Court asks BMC, Seven Hills to iron out differences
The Bombay high court expressed hope that municipal commissioner will step in and resolve the issue regarding granting of full Occupation Certificate to SevenHills Healthcare Private Limited (SHHPL) multi-specialty hospital.mumbai Updated: Oct 05, 2011 01:54 IST
The Bombay high court expressed hope that municipal commissioner will step in and resolve the issue regarding granting of full Occupation Certificate to Seven Hills Healthcare Private Limited (SHHPL) multi-specialty hospital.
A division bench of justice PB Majmudar and justice RM Sawant made the observation while hearing a petition filed by SHHPL, challenging a notice issued by the civic body. "It is a matter of treatment of patients. You should work it out," the court told both the parties.
Advocate Ashutosh Kumbhakoni, who was appearing for the Brihanmumbai Municipal Corporation (BMC), said that the hospital should adhere to the tender conditions while including 20% bed for poor patients, and providing free medicines and medicines at concessional rates to poor patients. "Twenty per cent of the hospital should function like a BMC hospital," he said.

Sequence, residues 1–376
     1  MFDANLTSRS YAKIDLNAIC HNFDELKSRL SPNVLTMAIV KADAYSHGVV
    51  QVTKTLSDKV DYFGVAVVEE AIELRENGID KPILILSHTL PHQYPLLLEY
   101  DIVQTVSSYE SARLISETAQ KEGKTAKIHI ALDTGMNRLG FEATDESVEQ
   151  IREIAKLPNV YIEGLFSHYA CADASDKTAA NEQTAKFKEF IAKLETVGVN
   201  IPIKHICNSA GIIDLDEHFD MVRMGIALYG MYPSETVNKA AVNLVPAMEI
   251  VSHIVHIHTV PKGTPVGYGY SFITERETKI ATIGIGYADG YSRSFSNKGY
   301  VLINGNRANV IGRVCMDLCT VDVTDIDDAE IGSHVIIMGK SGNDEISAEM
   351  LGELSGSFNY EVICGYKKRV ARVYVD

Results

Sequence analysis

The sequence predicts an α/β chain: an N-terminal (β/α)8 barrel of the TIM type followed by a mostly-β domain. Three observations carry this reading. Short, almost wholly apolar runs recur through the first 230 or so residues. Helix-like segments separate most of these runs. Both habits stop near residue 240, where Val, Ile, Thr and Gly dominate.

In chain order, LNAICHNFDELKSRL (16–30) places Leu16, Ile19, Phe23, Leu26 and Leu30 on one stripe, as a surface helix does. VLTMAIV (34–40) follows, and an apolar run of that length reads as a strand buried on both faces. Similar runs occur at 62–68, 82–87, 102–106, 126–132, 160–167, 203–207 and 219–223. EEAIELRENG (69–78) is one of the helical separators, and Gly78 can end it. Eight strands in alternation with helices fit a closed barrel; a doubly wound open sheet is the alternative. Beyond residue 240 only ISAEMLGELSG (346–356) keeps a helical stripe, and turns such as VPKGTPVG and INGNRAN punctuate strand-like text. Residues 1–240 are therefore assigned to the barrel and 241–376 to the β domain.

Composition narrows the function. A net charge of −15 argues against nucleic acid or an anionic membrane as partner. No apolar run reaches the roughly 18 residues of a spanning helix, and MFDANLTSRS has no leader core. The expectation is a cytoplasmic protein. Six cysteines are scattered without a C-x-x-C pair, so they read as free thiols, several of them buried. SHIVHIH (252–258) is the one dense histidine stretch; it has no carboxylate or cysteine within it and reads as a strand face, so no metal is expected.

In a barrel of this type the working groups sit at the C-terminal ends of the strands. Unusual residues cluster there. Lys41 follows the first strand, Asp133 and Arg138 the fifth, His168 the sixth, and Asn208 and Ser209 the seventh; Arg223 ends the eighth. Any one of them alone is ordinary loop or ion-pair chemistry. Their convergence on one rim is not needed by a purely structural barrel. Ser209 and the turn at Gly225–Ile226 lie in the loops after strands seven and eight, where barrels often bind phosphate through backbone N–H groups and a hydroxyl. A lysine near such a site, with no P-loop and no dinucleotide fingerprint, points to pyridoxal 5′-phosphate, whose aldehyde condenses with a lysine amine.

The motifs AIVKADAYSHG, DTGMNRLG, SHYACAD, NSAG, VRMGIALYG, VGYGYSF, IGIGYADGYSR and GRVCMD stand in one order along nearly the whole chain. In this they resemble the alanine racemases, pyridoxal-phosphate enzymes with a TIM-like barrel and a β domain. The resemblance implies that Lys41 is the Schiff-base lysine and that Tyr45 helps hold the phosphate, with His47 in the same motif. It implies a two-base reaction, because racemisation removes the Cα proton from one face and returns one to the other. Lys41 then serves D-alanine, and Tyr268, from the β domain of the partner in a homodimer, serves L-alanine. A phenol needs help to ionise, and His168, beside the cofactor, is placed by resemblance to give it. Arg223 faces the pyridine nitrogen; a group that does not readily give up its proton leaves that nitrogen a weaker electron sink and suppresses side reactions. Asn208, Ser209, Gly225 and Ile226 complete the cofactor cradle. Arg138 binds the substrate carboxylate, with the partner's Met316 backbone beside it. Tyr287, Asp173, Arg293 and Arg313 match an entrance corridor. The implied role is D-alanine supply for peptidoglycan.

The court pointed out that compared to civic body-run hospitals, SevenHills might be providing better facilities.
Senior counsel and Congress spokesperson Abhishek Manu Singhvi, who was appearing for the hospital, said that they are providing 20%, including OPD and diagnostic facilities. But we can not provide medicines as contemplated by BMC, he said.
Kumbhakoni also suggested that the hospital can have a shop where medicines can be provided at discounted rates. He also said that medicines from Schedule 1 to 15 are given free and the rest at concessional rates in a municipal hospital.
The director of medical education and dean of KEM Hospital, Sanjay Oak, filed an affidavit stating that the petitioner is legally bound to follow the same method and manner of providing treatment as is done in a municipal hospital.
The affidavit also states that the petitioner has refused to execute the Memorandum of Understanding (MoU) and sign the lease deed. Singhvi, however, said that they have been urging BMC to sign the MoU for the last four years.
BMC lawyer Preeti Purandhare contended that the tender conditions stated that the hospital needs to provide free medicines. The court, however, said that it seems the civic body was withholding the OC without any reason. "You are a public body. To expect everything free is contradictory to your agreement," the court said.
First Published: Oct 05, 2011 01:53 IST